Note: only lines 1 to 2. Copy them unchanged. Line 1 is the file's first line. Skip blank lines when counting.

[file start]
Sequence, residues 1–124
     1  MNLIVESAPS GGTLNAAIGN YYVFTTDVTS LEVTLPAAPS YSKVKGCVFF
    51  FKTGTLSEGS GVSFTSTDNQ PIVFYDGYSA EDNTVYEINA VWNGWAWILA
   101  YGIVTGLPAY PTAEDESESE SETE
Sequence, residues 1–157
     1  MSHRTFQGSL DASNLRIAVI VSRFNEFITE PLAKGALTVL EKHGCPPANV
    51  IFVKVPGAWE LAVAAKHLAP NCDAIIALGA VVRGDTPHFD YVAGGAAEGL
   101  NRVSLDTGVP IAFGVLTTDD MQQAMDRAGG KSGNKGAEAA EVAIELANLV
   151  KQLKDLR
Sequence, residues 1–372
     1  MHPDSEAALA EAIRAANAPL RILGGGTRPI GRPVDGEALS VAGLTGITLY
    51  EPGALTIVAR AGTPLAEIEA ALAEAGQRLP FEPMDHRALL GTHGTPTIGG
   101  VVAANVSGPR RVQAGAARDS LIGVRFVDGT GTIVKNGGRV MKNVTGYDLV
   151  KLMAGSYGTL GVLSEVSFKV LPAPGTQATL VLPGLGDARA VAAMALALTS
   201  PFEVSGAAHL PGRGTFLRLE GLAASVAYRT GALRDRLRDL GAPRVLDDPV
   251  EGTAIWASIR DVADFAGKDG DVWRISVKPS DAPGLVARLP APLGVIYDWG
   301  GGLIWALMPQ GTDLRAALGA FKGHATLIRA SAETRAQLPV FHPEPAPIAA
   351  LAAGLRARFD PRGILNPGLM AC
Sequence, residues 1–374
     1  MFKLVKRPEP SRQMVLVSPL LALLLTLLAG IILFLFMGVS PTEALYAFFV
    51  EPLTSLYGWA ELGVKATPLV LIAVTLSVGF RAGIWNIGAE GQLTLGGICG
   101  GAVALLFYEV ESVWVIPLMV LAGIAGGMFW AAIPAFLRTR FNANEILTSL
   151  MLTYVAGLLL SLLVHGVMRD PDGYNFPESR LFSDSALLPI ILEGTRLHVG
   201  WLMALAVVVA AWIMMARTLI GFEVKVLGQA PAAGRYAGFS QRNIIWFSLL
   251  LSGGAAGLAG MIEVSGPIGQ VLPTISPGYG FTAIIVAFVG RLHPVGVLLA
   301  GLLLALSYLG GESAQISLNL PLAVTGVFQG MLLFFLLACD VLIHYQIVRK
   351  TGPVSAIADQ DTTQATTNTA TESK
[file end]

Sequence, residues 1–124
     1  MNLIVESAPS GGTLNAAIGN YYVFTTDVTS LEVTLPAAPS YSKVKGCVFF